Warren Buffett Speaking On The Nation’s Debt Limit

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“Credit worthiness is like virginity, it can be preserved but not restored  very easily, so it is crazy to play around with it,” Warren Buffett said while speaking on CNBC…

 

Warren Buffett said Wednesday the threat to not raise the nation’s debt limit  “after you’ve already spent the money” is a “political weapon of mass  destruction” comparable to poison gas and shouldn’t be used by either party.

“I know it’s been used in the past, but we used the atomic bomb back in 1945  but we decided we weren’t going to do something like that again,” he said hours  before the government’s midnight deadline to raise the debt  limit or possibly default.

Buffett called on both sides to pledge not to use the debt limit as a weapon.  “There are plenty of weapons that can be used,” like filibusters, he said.

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In a live interview on CNBC’s “Squawk Box, the Berkshire Hathaway  chairman said he doesn’t expect the U.S. will do anything to damage its 237-year  reputation of paying its bills on time, but if it does it would be a “pure act  of idiocy” and “asinine.”

“Credit worthiness is like virginity, it can be preserved but not restored  very easily, so it is crazy to play around with it,” he said.

Buffett said Berkshire owns short-term Treasury securities but he isn’t  worried about getting paid.

He also said the ongoing crisis in Washington over spending and the debt  limit is no reason to avoid buying securities, pointing out that Berkshire  subsidiary Marmon Group just paid $1.1 billion for a British drinks dispensing  business. “We did not buy it with a condition that we could call off the deal”  if there was no vote to raise the debt limit, he said.

He added that in his long career, he has never put off a deal by a few weeks  to see what might happen in Washington.

When it was pointed out to him that he may be “unique” because he is a  long-term investor, he replied that “most people are.”

“If you take the people I meet in Omaha, you take the people who own farms,  you take the people who own apartment houses, most people are long-term  investors, thank heavens,” he said.

Buffett rejected the idea that investors should be worried about a bull  market “bubble” for stocks. He said, “We could at some point, but no, stocks are  not selling at bubble levels. What do you diversify in? You want to diversify  into cash? I think it’s a terrible investment compared to equities. You want to  diversify into long-term bonds? I think it’s a terrible investment compared to  equities.”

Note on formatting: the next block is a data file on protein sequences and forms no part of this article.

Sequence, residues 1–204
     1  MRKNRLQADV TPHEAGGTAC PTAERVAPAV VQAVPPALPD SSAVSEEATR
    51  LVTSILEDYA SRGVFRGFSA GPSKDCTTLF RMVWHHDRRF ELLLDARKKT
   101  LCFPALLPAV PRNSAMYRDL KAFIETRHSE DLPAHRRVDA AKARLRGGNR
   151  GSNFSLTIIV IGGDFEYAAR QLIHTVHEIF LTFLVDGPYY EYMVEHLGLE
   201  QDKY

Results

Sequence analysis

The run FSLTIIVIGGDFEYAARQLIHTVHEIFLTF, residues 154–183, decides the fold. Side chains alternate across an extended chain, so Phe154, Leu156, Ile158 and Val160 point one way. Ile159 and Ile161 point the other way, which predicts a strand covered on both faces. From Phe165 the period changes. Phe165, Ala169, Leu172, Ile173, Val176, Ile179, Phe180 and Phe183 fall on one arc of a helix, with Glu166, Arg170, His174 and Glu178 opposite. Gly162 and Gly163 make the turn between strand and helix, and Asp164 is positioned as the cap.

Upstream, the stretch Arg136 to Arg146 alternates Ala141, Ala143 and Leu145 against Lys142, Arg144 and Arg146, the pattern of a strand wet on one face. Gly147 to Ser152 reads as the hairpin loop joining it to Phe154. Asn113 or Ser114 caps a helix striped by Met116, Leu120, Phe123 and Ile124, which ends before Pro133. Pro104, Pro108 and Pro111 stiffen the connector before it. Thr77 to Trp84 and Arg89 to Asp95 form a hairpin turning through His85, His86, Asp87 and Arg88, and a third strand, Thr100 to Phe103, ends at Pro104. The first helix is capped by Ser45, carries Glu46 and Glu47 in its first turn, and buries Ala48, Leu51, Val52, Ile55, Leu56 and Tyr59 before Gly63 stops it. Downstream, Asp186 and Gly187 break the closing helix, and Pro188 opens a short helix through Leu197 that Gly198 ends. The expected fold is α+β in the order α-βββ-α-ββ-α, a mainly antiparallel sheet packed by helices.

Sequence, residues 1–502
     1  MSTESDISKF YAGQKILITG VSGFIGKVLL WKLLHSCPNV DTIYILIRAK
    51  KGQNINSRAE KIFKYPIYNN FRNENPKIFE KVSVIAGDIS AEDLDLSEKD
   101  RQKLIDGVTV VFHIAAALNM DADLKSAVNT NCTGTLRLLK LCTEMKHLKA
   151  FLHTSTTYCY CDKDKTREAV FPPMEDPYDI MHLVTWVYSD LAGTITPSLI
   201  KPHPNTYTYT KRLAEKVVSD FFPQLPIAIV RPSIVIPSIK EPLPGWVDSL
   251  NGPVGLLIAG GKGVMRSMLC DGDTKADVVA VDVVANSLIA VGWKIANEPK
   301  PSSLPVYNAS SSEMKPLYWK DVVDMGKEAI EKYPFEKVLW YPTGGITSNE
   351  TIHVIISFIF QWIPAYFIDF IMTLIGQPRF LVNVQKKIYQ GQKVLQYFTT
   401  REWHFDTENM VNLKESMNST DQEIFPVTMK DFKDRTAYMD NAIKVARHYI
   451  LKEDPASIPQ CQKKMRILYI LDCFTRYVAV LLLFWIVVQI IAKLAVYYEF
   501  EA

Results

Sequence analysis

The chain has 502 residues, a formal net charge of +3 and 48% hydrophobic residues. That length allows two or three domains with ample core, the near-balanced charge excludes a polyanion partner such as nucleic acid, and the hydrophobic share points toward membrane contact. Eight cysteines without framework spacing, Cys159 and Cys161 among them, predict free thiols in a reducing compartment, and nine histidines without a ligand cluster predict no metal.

Buffett also said Berkshire’s spending rate on acquisitions this year is as  “high as ever.”

He told Becky Quick he had been working on a big acquisition, a $12 billion  “elephant,” but the deal didn’t come together.

Moments after Bank of  America announced better than expected earnings, Buffett said “the  banks are in the best shape I can remember.”

He also defended JPMorgan Chase CEO Jamie  Dimon amid the bank’s many legal problems, some of which are the result of its  acquisition of Washington Mutual at the height of the financial crisis in 2008.  “If a cop follows you for 500 miles, you’re going to get a ticket. And believe  me, you’ve had a lot of cops” following JPMorgan, he said.

Responding to activist investor Carl Icahn’s public calls for a large Apple stock buyback,  Buffett said, “I think Apple’s management has done a pretty good job of running  the company… and my vote would be with them.” He joked, “I just wish I’d  bought the stock many years ago.”

“I do not think companies should be run primarily to please Wall Street and  largely shareholders who are going to sell. I believe in running Berkshire for  the shareholders who are going to stay and not for the ones who are going to  leave,” he added.

Buffett said he has a “rooting interest” for the troubled retailer J.C. Penney because he  worked in one of their stores when he was younger, but acknowledged it’s “very,  very tough” to compete against competitors who are always moving. “Coming from  behind in retailing is just plain tough,” he said.

Berkshire companies are still selling a “significant” amount of goods to  Penney under “normal terms,” he said and he’s not worried about the retailer’s  survival.

In response to a question about the Obamacare health exchange rollout,  Buffett said with a chuckle that he’s glad he wasn’t in charge, but argued that  something is going to have to be done to control medical costs. They are the  “tapeworm” of the American economy, he said.

On the economy, Buffett said he continues to see slow improvement and pointed  out that “two percent a year growth with less than one percent population gains  means one percent real growth per capita. In 20 years that’s 20 percent. If  every generation lives 20 percent better than the generation before them, that’s  not terrible.”

Buffett wouldn’t comment on reports the CEO of Berkshire subsidiary Benjamin  Moore was fired due to sexual harassment. “Recently we had to make a change for  reasons I can’t get into,” he said, but pointed out the paint company is still  making a lot of money.

 

source: NBC News

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